Buying a home for the very first time can be scary, exhilarating and confusing — emotions that make sense when you’re about to embark on what might be the single biggest purchase of your life. Even with all the information available on home buying, there are still plenty of things first-time buyers wish they knew before they made the leap into homeownership.
Click through to learn from buyers that know best.
Take Time to Save
Eric Patrick and his wife purchased a home using an FHA loan product, which requires an attractive down payment of as little as 3.5 percent in exchange for the buyer carrying private mortgage insurance for a minimum of 11 years up to the life of the loan. Patrick explains the downside to this approach, “PMI can really add on quite a bit of money to your monthly mortgage, and it takes years for that to get paid off.”
To cancel FHA insurance, your only option is to refinance the loan into a conventional loan. Conventional loans might also require you to purchase PMI if you put less than 20 percent down — or have less than 20 percent equity in your current home when refinancing.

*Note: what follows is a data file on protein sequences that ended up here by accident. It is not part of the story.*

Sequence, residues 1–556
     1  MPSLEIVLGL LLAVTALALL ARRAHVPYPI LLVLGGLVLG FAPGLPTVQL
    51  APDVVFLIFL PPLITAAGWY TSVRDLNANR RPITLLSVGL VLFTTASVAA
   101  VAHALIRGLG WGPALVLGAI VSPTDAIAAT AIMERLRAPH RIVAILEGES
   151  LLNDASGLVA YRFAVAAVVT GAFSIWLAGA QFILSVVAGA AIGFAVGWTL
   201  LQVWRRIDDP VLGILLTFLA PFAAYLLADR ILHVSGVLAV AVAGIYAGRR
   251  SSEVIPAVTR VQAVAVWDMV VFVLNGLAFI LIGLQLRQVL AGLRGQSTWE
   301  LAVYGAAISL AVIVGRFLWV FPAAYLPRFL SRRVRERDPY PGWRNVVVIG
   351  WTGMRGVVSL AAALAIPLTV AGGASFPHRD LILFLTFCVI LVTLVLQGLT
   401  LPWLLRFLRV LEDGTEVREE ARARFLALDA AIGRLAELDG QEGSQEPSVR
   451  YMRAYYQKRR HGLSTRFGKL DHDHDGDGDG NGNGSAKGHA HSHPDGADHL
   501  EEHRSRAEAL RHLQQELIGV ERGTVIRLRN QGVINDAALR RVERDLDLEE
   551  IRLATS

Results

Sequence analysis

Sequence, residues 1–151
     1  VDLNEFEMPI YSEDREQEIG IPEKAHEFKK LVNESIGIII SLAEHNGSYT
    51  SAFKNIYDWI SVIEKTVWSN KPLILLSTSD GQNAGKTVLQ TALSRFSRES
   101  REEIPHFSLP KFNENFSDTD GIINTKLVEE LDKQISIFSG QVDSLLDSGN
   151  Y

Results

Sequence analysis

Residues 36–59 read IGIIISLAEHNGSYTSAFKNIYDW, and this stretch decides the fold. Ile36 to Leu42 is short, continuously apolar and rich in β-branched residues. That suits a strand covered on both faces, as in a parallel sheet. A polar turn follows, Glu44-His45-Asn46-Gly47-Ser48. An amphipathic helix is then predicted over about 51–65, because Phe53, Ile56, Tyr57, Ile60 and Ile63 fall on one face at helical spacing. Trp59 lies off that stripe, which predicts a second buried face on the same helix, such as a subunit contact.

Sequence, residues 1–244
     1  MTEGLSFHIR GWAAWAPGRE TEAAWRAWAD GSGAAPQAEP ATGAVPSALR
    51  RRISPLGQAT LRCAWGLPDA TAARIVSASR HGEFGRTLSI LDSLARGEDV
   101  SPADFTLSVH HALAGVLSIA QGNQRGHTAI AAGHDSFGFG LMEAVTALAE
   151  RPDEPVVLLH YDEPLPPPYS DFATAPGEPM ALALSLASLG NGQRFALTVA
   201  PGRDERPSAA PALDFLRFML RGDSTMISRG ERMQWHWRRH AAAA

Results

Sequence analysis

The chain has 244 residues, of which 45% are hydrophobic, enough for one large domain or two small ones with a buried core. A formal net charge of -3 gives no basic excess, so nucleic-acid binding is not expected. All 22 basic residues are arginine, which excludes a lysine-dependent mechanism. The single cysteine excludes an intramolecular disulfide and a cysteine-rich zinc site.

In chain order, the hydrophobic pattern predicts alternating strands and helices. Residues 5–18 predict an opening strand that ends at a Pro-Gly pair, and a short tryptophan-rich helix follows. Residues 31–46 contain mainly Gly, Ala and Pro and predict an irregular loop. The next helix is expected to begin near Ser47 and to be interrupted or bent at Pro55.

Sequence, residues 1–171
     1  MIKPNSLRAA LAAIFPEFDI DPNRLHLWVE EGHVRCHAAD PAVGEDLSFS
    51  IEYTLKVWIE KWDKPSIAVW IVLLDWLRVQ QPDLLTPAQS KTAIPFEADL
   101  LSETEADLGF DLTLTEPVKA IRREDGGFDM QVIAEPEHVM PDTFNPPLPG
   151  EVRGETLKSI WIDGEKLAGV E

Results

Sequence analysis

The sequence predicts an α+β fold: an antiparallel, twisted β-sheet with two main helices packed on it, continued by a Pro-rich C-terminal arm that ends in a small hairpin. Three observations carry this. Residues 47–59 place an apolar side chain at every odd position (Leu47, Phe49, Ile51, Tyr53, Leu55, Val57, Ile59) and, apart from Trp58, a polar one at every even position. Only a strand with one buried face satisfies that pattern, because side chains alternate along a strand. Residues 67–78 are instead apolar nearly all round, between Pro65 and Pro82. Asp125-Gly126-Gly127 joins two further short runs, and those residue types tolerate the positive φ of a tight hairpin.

When financing a new conventional loan, consider saving at least 20 percent to put down to avoid having to purchase the insurance. When refinancing an FHA loan into a conventional loan, you’ll need 20 percent equity in your home to avoid a PMI purchase.
Study the Market
Chelsea Hudson is a public relations professional in New Jersey. She says that timing your home purchase can make a big difference in what you’ll pay for a home. In her opinion, first-time homeowners should know about the market conditions that could influence the price of a home.
“During a seller’s market, potential homeowners might find themselves bidding higher than what the house was originally listed for and outside of their budget. In a buyers’ market, potential homeowners have more room for bargaining and more options,” said Hudson.
Consider a Multiunit Home